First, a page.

I’ve been reorganizing and redesigning this site over the course of this week, and ended up adding a neat new feature to Nikola in the process: sections. Sections allow you to separate posts into collections and let you style each section’s posts separately.
Sections are like newspaper sections that let you group related content together in a collection. Every post from a section appear under a common name, folder/address, and optionally use distinct styling.
They also have their own landing pages containing an index with all their posts and their own syndication feed. With sections and post collections, you can diversify your Nikola blog by writing on different topics all on the same website. Readers who are only interested in one subsection of the content you publish can subscribe to the feed of the section or sections that interest them the most.
In Nikola, sections are normally built automatically based on the output folders specified in the
POSTS option. Each output folder is a new section. The index pages and feeds for each section will be output in the same directory as the posts. Alternatively, sections can be assigned using a
section property in each post’s metadata. Note that this will not change the output folder or address of a post and thus lose some of the uniformity you get with having posts include their section name as part of their address.
The following configuration example demonstrates how three sections on different topics are created. The first argument is the source path to where the posts are stored, the second argument is the output folder and section name, and the third argument is the template to use for each section. Posts can use the same template, but you may want to customize the template for each section with bigger hero images on your food section and special star rating systems and different HTML markup for your reviews.
Posts can’t be added to multiple sections as this might create duplicate pages with different addresses. Duplicate pages is something you will want to avoid in most cases. If you want a post to appear in multiple sections, you’re looking for Nikola’s tags or categories functionality.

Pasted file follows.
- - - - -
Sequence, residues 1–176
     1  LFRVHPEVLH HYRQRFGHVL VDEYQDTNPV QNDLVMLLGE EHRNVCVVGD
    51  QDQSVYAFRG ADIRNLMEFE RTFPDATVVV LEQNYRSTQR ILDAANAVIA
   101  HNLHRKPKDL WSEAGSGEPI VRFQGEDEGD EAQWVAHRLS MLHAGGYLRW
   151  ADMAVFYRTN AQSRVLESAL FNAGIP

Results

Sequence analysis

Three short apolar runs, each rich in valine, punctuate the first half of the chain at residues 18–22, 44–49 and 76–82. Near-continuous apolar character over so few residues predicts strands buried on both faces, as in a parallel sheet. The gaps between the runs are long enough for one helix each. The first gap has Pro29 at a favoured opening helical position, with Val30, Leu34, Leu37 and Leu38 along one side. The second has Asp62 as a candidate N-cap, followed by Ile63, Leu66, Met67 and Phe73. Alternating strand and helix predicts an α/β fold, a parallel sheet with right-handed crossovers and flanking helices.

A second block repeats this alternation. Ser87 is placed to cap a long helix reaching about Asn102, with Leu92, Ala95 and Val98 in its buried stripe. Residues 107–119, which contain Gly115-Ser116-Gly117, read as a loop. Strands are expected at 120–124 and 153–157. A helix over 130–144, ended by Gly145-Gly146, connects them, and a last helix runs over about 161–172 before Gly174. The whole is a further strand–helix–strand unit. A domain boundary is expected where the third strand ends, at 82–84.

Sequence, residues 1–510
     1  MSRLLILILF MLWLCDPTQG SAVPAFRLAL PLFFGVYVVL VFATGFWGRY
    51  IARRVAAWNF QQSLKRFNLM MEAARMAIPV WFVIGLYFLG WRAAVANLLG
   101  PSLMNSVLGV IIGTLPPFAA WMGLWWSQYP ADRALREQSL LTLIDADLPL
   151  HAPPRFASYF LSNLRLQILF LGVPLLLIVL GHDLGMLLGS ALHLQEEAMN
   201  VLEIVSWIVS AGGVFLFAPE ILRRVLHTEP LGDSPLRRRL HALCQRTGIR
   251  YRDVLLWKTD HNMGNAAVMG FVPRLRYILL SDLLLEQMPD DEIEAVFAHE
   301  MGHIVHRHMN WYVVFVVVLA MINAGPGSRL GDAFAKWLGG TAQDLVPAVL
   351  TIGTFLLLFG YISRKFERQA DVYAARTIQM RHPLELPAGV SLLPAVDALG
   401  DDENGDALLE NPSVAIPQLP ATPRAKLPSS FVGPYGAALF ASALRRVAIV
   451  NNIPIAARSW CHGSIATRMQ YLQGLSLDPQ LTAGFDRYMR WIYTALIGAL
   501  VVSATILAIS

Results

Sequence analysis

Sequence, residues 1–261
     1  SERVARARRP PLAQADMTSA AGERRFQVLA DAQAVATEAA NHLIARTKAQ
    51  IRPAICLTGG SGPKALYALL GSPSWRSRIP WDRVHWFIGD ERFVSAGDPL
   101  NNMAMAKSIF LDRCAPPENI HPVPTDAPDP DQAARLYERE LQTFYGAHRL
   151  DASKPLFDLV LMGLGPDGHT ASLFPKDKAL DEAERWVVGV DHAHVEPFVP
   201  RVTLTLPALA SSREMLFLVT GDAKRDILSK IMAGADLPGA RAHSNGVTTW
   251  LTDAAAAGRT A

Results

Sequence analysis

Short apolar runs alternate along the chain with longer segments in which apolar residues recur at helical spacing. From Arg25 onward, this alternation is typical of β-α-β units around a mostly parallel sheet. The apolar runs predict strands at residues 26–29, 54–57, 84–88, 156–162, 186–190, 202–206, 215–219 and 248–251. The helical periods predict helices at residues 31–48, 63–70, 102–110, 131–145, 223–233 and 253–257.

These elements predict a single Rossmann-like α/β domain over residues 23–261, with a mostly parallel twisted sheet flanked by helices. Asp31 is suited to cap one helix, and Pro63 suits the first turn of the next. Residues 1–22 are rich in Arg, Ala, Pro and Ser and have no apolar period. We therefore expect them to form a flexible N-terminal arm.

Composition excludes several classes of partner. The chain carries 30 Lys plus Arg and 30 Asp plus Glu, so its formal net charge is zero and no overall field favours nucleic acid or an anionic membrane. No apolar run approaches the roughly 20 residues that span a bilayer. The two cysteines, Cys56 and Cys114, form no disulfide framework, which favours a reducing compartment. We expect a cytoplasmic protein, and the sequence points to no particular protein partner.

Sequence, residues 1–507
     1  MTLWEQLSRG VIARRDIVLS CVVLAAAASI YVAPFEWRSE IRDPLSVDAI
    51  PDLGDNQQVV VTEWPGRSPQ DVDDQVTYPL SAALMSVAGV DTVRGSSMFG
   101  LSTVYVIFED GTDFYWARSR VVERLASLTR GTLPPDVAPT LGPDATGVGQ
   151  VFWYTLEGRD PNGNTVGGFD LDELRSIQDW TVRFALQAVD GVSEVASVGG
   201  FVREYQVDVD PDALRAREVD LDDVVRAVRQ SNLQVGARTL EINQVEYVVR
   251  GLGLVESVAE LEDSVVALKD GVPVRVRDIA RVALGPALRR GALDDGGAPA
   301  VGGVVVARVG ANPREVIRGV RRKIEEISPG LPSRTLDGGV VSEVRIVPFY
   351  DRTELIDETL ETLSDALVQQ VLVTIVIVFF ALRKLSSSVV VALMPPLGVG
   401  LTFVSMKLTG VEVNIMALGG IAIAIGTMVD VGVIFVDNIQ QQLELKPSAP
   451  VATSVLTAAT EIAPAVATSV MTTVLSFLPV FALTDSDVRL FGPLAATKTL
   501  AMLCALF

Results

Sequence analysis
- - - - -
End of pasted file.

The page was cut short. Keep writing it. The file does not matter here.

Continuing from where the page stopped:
Some customizations I’ve made to my own templates after reorganizing to use sections:
- Display the name and color of the section a post belongs to on the front page.
- Display a link to syndication feed for each section as well as the everything-feed at the top of each section and post belonging to that section.
- Breadcrumb navigations from posts to their sections and from the sections to the front page. Encourages visitors to your site to find more content from the same section.
Additionally, each section and every post in that section will be automatically assigned a color created by shifting the hue of the site’s
THEME_COLOR option in the HUSL color space. This creates a visually similar color that can be used to style the posts and the sections in a uniform way, allowing each section to have a unique style of their own.
The color can be called from a theme using
post.section_color() and can be used in an inline styles or a style element. The color manipulation functions can also be accessed directly in theme templates, allowing for shifting hue, saturation, or lightness of a given color. For example, a lighter version of a section’s color can be retrieved using
color_hsl_adjust_hex( post.section_color(), adjust_l=0.05 ).
The options for controlling the behavior of sections are better documented in
conf.py and include:
POSTS_SECTIONSfor enabling or disabling sections (on by default)
POSTS_SECTION_ARE_INDEXESfor making posts lists instead of indexes
POSTS_SECTION_COLORfor manually assigning colors to sections rather than auto-generated colors from
POSTS_SECTION_NAMEfor naming sections separately from their output folders
POSTS_SECTION_TITLEfor controlling the title of the section indexes
POSTS_SECTION_DESCRIPTIONfor giving each section a description
There’s currently no way of generating a list of all sections. A site isn’t expected to need more than three–twelve sections at the most.
Sections will be available in Nikola version 7.7.0 due later this week.
Drop by the Nikola mailing list or chat room if you’ve built something cool with sections or just need a little help.
What on Earth is “Nikola,” anyway?
Nikola is a static site generator built in Python. What that means, is that it can turn a collection of text files into a beautiful website using templates and a collection of ready-made themes. This website, even this very page!, was built using Nikola. Learn more at the Nikola website.
I’ve contributed to the development of Nikola for the last two years — the new sectioning system only in the last week — and I’m happy with how Nikola works, the community, and especially how it has helped me build a great website that I’m proud of.